April 2

The Truth about the Truth | WT #83

The adage “the truth will set you free” is a principle that resonates across cultures and religions, especially within the teachings of the Christianity. Yet, in the realm of our daily lives, this principle is tested in both profound and trivial ways, illustrating the complex relationship each one of us often has with Truth.

For example, I have a friend who recently discovered he owed $23,000 in back taxes. This revelation was a stark truth he had avoided–a shadow in his financial landscape he had hoped would dissolve in the light of wishful thinking. But as the reality of this debt became an unavoidable truth, with it came a loud-and-clear call to action that required courage, responsibility, and a plan to navigate out of the financial quagmire. His journey from avoidance to resolution exemplifies the liberating power of truth, no matter how painful the “sticker shock” may have initially felt.

And it is just one example of a truth that he didn’t want to hear, thus shining a light on the truth about the Truth: quite often, we just don’t want to hear it.

We can ALL relate to this to varying degrees. Case in point: many of us grapple with the inconvenient truth about diet and nutrition. Personally, I would love nothing more than a world where carbs and sugar are akin to protein, vitamins and antioxidants. This longing for a different nutritional reality highlights a more whimsical, yet relatable, aspect of our struggle with truth. We know what is healthy for us, we may accept it, but the actual application of this truth demands a change in behavior we are sometimes reluctant to make.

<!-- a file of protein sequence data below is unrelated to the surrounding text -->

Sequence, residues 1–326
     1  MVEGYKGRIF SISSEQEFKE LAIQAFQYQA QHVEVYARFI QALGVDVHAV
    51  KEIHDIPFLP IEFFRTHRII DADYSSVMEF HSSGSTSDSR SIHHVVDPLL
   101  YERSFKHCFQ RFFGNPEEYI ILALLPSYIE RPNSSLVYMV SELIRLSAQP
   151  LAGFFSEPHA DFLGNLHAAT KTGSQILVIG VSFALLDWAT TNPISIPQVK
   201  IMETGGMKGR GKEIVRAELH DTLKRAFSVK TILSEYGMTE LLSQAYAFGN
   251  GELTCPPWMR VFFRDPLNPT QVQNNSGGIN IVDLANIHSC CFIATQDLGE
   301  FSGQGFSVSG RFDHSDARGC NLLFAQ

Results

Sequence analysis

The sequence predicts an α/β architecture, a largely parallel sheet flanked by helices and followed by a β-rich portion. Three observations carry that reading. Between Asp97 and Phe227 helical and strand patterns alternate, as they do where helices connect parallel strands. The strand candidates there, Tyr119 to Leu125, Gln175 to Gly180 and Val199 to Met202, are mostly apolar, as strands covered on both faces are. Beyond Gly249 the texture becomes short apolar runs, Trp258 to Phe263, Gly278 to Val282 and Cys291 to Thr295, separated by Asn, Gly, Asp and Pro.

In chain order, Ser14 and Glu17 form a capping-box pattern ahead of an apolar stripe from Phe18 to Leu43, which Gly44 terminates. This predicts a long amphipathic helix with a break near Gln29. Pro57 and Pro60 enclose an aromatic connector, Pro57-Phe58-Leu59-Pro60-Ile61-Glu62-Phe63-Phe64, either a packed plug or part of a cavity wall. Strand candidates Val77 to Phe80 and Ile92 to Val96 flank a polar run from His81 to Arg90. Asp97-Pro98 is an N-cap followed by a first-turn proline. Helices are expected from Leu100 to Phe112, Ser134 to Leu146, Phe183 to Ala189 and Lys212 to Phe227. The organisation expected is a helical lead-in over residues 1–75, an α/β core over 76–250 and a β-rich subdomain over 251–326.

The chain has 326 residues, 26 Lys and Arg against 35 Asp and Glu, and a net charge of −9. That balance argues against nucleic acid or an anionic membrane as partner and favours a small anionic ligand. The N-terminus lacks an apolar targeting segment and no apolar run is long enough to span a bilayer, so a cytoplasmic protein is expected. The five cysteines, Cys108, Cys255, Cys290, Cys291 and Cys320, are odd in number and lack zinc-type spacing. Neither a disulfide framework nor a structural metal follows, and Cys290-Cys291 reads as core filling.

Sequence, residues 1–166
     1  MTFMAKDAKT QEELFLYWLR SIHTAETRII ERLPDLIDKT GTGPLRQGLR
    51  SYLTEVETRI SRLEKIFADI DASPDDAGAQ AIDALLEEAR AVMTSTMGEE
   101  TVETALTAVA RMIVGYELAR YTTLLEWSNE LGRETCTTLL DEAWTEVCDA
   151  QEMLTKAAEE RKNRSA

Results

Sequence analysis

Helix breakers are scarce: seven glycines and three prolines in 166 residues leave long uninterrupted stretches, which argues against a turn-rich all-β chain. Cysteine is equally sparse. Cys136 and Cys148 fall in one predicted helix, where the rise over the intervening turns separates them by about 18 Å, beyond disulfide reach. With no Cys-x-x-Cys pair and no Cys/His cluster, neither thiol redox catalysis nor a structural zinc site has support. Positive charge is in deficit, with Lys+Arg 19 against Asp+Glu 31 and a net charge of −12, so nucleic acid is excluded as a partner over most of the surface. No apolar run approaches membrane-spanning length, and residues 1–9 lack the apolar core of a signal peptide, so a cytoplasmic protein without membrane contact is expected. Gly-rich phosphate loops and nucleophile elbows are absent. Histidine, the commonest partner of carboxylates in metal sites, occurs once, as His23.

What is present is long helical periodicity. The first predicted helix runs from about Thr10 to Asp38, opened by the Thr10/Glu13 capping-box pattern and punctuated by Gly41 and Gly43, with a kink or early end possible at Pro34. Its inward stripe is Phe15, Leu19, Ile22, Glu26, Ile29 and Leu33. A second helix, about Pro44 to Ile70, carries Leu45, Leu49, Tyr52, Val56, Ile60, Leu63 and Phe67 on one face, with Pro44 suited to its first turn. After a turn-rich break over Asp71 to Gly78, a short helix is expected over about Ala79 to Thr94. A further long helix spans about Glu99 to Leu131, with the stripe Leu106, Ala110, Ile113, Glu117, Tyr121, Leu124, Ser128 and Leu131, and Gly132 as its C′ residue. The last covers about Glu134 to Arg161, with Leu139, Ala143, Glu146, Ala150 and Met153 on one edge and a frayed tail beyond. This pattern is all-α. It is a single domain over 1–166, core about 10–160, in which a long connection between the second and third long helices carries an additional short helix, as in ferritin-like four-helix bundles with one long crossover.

These examples reflect the broader human experience with truth: it is often inconvenient, sometimes harsh, and always inevitable. Whether it’s a significant financial oversight or a simple dietary preference, the truths we face compel us to confront reality as it is, not as we wish it to be.

In the spiritual realm, Christians see that Truth is not merely an abstract concept, but a person—Jesus Christ, who is “the Way, and the Truth, and the Life” (John 14:6). This Personal Dimension of Truth adds a layer of relational depth to our understanding and acceptance of it. It’s not just about facing the facts of our external circumstances but also about encountering the Truth that calls us to a higher standard of living, grounded in virtue and love.

And for those of us who share this faith, the process of embracing truth, therefore, is not solely about rectifying our mistakes or adjusting our beliefs in light of new information. Rather, it is about an ongoing, daily conversion of heart; a journey towards a fuller life and new-found freedom. Indeed, this path is rarely easy; as we occasionally experience moments of shock, pain and realization, both big and small, that challenge our preconceptions and invite us to grow.

The truth about the Truth is that it is as indispensable as it is uncomfortable. It confronts us with the realities of our lives—whether it’s acknowledging a financial mistake, errors in judgment and/or action in work or relationships, or accepting the health implications of our dietary and lifestyle choices. In embracing truth, we find not only the resolution to our immediate challenges, but also the path to a more meaningful and joyful life. 

About the author 

Keith F. Luscher

Keith F. Luscher is a marketing strategist for the Authentic Leadership Foundation, which includes much of the media and communications work you see on a regular basis. He works as a fractional CMO for several organizations, and lives in Newark, Ohio.


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